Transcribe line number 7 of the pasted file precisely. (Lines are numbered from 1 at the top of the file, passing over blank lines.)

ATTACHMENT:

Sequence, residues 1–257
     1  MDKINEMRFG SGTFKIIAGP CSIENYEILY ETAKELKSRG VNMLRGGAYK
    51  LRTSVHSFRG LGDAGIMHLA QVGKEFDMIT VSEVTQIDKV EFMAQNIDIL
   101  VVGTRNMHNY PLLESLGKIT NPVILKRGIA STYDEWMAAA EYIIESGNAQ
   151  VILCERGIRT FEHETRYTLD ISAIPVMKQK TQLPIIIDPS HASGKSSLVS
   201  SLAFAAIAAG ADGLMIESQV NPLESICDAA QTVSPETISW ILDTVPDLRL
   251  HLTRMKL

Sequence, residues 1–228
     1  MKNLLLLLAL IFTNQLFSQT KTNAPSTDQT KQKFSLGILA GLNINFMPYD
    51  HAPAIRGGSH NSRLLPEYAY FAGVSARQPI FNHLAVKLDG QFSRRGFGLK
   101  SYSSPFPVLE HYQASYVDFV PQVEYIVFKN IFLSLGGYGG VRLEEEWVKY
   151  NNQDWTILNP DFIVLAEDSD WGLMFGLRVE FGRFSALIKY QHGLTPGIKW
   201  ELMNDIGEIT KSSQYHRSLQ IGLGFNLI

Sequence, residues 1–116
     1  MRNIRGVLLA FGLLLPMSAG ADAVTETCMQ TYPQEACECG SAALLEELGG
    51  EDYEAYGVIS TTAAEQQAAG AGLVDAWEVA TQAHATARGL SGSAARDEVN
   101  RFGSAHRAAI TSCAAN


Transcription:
   251  HLTRMKL